- Review Price: £759.95
In the past Samsung has done a great job of supplying the market with affordable portable notebooks in the shape of the original Q35, and its successor the Q35 Red Core 2 Duo. Both of those notebooks walked away with TrustedReviews Recommended awards, and so good were they that we felt compelled to give one away as part of our Readers Survey. Can Samsung repeat this feat with the Q35’s successor, the cannily named Q45?
As with the R20 and R70, the Q45 continues Samsung’s penchant for sleek and simple designs which feature a shiny black outer casing and matt black interior. Clearly Samsung wants to foster a unified look that can be easily identified as belonging to the company, and in this it has been pretty successful.
Other than the black finish, however, it’s clear that not a great deal about the chassis has changed. All the connections are in more or less the same places, and the overall size and shape is nigh on identical to that of the Q35. The only noticeable change comes at the front of the notebook, which has a curved shape where the Q35 was simply squared off. This is quite a nice addition too, creating a more comfortable surface on which to rest your wrists when typing.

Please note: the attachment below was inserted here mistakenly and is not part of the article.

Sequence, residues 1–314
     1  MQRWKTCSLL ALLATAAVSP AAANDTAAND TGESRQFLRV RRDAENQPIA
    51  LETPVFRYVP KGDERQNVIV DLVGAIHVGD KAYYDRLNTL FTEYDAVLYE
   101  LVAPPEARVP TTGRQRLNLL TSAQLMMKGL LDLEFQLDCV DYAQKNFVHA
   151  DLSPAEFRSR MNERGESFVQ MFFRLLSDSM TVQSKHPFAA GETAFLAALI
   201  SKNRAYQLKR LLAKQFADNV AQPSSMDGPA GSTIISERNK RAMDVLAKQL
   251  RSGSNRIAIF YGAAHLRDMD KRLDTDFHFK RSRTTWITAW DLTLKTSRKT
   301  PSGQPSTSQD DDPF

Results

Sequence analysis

It’s just as well then that this chassis has stood the test of time. Despite being just over a year since Riyad reviewed the original Q35, the Q45 which is based on the same design is still a fantastic chassis. Measuring 299 x 217 x 36.3 mm (WxDxH) it’s a fairly average sized notebook, the 12.1in screen is a good size and overall the Q45 couldn’t be deemed to be overly chunky or unusually slim either. However its overall weight of 1.86kg puts it on the outer fringe of the ultra-portable category, making it a very portable and convenient notebook for everyday use.
But, as with previous Q35s, not only is the Q45 eminently portable, you also get a lot for your money. Our sample came with a Santa Rosa spec Intel Core 2 Duo T7100 clocked at 1.8GHz with an 800MHz Front Side Bus. This CPU packs in all the new power saving and dynamic throttling features that Riyad wrote about in his Santa Rosa feature, and marks a significant step forward in notebook processing. Of course it’s worth remembering that the T7100 only sports 2MB of cache, as opposed to the 4MB that you get in the higher-end CPUs, but this is one of the few compromises being made in the Q45.
To accompany this there’s 2GB of 667MHz DRR2 RAM, a 5400rpm 160GB SATA hard drive, DVD-Rewriter drive and Intel X3100 integrated graphics. All of this is plugged into the Intel 965GM Express chipset, and for connectivity the Q45 features Intel PRO/Wireless 3945ABG Wi-Fi, 10/100 Ethernet and Bluetooth 2.0 EDR. The lack of Gigabit LAN or draft-n wireless is a little disappointing, as is the lack of a Turbo Memory module, but considering the price there’s no good reason to be disappointed.
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